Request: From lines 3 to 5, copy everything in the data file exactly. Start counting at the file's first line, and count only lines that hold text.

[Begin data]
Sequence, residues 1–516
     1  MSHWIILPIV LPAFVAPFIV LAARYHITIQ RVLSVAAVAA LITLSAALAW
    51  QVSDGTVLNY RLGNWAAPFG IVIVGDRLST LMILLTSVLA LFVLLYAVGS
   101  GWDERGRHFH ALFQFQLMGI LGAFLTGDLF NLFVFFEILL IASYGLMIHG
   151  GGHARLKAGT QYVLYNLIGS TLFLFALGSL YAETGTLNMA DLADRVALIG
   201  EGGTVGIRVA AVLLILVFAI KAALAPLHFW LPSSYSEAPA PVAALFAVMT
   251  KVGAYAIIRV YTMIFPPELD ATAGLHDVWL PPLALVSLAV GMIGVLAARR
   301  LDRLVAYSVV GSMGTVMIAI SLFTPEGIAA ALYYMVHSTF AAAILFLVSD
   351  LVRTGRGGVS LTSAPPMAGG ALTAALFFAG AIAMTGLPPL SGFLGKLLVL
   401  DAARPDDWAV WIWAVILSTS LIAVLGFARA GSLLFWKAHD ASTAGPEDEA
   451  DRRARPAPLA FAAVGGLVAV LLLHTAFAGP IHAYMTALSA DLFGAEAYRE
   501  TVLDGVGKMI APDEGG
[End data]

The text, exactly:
    51  QVSDGTVLNY RLGNWAAPFG IVIVGDRLST LMILLTSVLA LFVLLYAVGS
   101  GWDERGRHFH ALFQFQLMGI LGAFLTGDLF NLFVFFEILL IASYGLMIHG
   151  GGHARLKAGT QYVLYNLIGS TLFLFALGSL YAETGTLNMA DLADRVALIG